141 F.3d 1185: Timothy Lee Talbott, Petitioner-appellant, v. Jim Ferguson, Warden, Wyoming State Penitentiary; and Thewyoming Attorney General, Respondent-appellee
United States Court of Appeals, Tenth Circuit. - 141 F.3d 1185
March 4, 1998
Before BALDOCK, EBEL and MURPHY, Circuit Judges.
DAVID M. EBEL, Circuit Judge.
In this appeal of the district court's dismissal of a state prisoner's federal habeas petition under 28 U.S.C. § 2254 (1994),1 an inmate at the Wyoming State Penitentiary challenges his 20- to 30-year sentence for second-degree murder on the grounds that his conviction was obtained through the use of an illegally obtained confession. Because we conclude that the government's references to this confession during its opening statement in the petitioner's state trial do not constitute clear error, we affirm the dismissal of the petition.
Timothy Lee Talbott, petitioner-appellant, was convicted of second-degree murder for the shooting death of his wife, Betty Jo Talbott. See Talbott v. State, 902 P.2d 719, 720 (Wyo.1995) (affirming Talbott's conviction). Talbott contends that investigators extracted a confession from him during a police station interrogation by improperly relying on statements he had made to police during an interview the day before at a motel. (See R., Doc. # 1, "Petition for a Writ of Habeas Corpus," at 6.) Talbott contends that all of these statements were obtained in violation of his right to counsel because Talbott initially told police during his first contact with them--one day before the police station interrogation--that he wished to deal with investigators "only" through his counsel. (See id.) Talbott contends that all subsequent questioning by police violated the rule in Edwards v. Arizona, 451 U.S. 477, 484-85, 101 S.Ct. 1880, 68 L.Ed.2d 378 (1981),2 that absent a clear and unambiguous waiver of the right to counsel, police may not reinitiate questioning once a person has invoked his right to counsel. (See R., Doc. # 1, at 6.)
Prior to Talbott's state trial, the trial court rejected Talbott's motion to suppress the statements he made during his police station interview, ruling that these statements were not fruits of any constitutional violation and could be used in the government's case-in-chief.3 See Talbott, 902 P.2d at 721. However, for reasons that are not apparent in the record, the prosecution did not seek to introduce any evidence of Talbott's incriminating statements during the government's case-in-chief. See id. Indeed, when the prosecution sought to admit the evidence during its rebuttal presentation, the trial court refused to allow the evidence on the grounds that it should have been offered during the case-in-chief. (See R., Doc. # 6, "Answer," Ex. C., at 664-65.)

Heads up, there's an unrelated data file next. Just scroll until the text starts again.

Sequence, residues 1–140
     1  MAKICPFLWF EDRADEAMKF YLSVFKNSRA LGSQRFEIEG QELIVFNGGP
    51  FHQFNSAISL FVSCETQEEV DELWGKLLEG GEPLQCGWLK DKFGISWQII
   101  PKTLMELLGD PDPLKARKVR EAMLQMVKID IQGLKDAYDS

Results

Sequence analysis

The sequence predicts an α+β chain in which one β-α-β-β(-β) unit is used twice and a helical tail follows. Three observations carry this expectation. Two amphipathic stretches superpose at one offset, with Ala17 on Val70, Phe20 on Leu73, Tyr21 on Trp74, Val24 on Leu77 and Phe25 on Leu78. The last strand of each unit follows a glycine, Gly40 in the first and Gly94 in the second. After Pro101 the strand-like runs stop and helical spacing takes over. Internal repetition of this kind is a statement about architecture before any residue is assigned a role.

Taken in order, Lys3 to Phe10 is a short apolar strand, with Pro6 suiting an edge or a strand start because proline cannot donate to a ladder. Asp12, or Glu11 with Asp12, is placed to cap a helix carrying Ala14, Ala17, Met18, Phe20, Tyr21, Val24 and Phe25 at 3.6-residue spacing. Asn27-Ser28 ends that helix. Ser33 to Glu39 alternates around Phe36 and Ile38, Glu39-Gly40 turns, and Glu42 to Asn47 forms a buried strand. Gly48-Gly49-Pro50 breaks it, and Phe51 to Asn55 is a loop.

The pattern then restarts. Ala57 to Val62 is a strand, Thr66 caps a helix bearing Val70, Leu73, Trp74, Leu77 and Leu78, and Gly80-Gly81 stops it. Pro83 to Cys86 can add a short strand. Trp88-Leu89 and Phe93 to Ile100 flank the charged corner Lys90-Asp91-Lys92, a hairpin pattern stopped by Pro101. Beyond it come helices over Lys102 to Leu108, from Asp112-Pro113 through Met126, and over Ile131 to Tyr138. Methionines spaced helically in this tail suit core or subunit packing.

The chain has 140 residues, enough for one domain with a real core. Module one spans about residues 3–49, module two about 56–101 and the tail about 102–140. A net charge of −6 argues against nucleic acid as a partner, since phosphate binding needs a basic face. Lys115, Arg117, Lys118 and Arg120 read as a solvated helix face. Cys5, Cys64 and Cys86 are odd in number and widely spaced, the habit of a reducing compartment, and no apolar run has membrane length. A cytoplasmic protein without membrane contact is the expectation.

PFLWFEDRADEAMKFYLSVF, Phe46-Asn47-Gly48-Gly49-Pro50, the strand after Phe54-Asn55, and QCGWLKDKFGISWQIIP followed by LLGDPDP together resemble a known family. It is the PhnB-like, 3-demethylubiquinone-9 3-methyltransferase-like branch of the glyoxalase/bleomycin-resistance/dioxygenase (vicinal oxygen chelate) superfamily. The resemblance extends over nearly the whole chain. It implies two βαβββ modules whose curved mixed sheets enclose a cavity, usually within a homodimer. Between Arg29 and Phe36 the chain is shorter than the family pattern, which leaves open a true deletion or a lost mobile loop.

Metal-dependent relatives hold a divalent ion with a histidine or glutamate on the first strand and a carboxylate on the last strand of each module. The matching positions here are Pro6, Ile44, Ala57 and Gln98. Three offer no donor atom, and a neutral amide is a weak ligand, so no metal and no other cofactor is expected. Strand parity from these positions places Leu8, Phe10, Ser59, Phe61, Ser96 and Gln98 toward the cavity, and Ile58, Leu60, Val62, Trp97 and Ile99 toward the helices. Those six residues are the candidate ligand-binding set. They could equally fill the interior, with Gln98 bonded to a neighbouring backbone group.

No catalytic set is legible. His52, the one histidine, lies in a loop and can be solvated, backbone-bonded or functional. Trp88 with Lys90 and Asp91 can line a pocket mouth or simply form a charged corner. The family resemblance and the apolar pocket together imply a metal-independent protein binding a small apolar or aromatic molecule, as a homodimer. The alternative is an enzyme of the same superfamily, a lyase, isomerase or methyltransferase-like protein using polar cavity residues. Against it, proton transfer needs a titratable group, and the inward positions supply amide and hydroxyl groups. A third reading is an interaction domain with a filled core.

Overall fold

The only reference to Talbott's "confession" during Talbott's trial came at the very beginning when, in the government's opening statement, the prosecutor repeatedly stressed that the evidence of the defendant's guilt would be provided by the defendant's own words.4 See Talbott, 902 P.2d at 721-22. Talbott's counsel did not object to these references to Talbott's "confession," and at no time did Talbott's counsel ask for any specific limiting instruction with respect to these comments. See id. at 722. The trial court provided a general limiting instruction before opening statements were given, cautioning jurors that statements by lawyers could not be considered evidence, and this instruction was repeated in the written instructions given to the jury before it retired for deliberations. See id.
Following Talbott's conviction, he filed an appeal with the Wyoming Supreme Court raising three issues, all related to the government's use of Talbott's confession.5 The court ruled, though, that even if police obtained the confession in violation of Talbott's right to counsel, he suffered no prejudice from this violation because no evidence of the confession was admitted during the trial. See Talbott, 902 P.2d at 721. The Wyoming Supreme Court then went on to address what it described as the "peripheral" issue of the prosecutor's opening statement.6 See id. The court held that the prosecutor's comments did not constitute reversible error because the prosecutor had a good-faith belief that the evidence of Talbott's confession was available and admissible and also because any error in the comments was cured by the trial court's instructions to the jury. See id. at 722.
Talbott filed this habeas petition on January 17, 1996, contending that his conviction was "obtained by use of illegally obtained statements (confession), in violation of the Fifth and Fourteenth Amendments to the U.S. Constitution...."7 (R., Doc. # 1, at 6(a).) The magistrate judge who considered Talbott's habeas petition recommended that the district court dismiss the case on the state's motion under Fed.R.Civ.P. 12(b)(6) because Talbott had failed to show that the prosecutor's remarks "substantially and injuriously effected [sic] or influenced the jury in determining their verdict against petitioner." (R., Doc. # 12, "Report & Recommendation Dismissing Petitioner's Petition for Writ of Habeas Corpus," at 4.) The district court adopted the magistrate judge's recommendations without revision. (See R., Doc. # 14, "Order Adopting Magistrate's Report & Recommendation.") Talbott now appeals.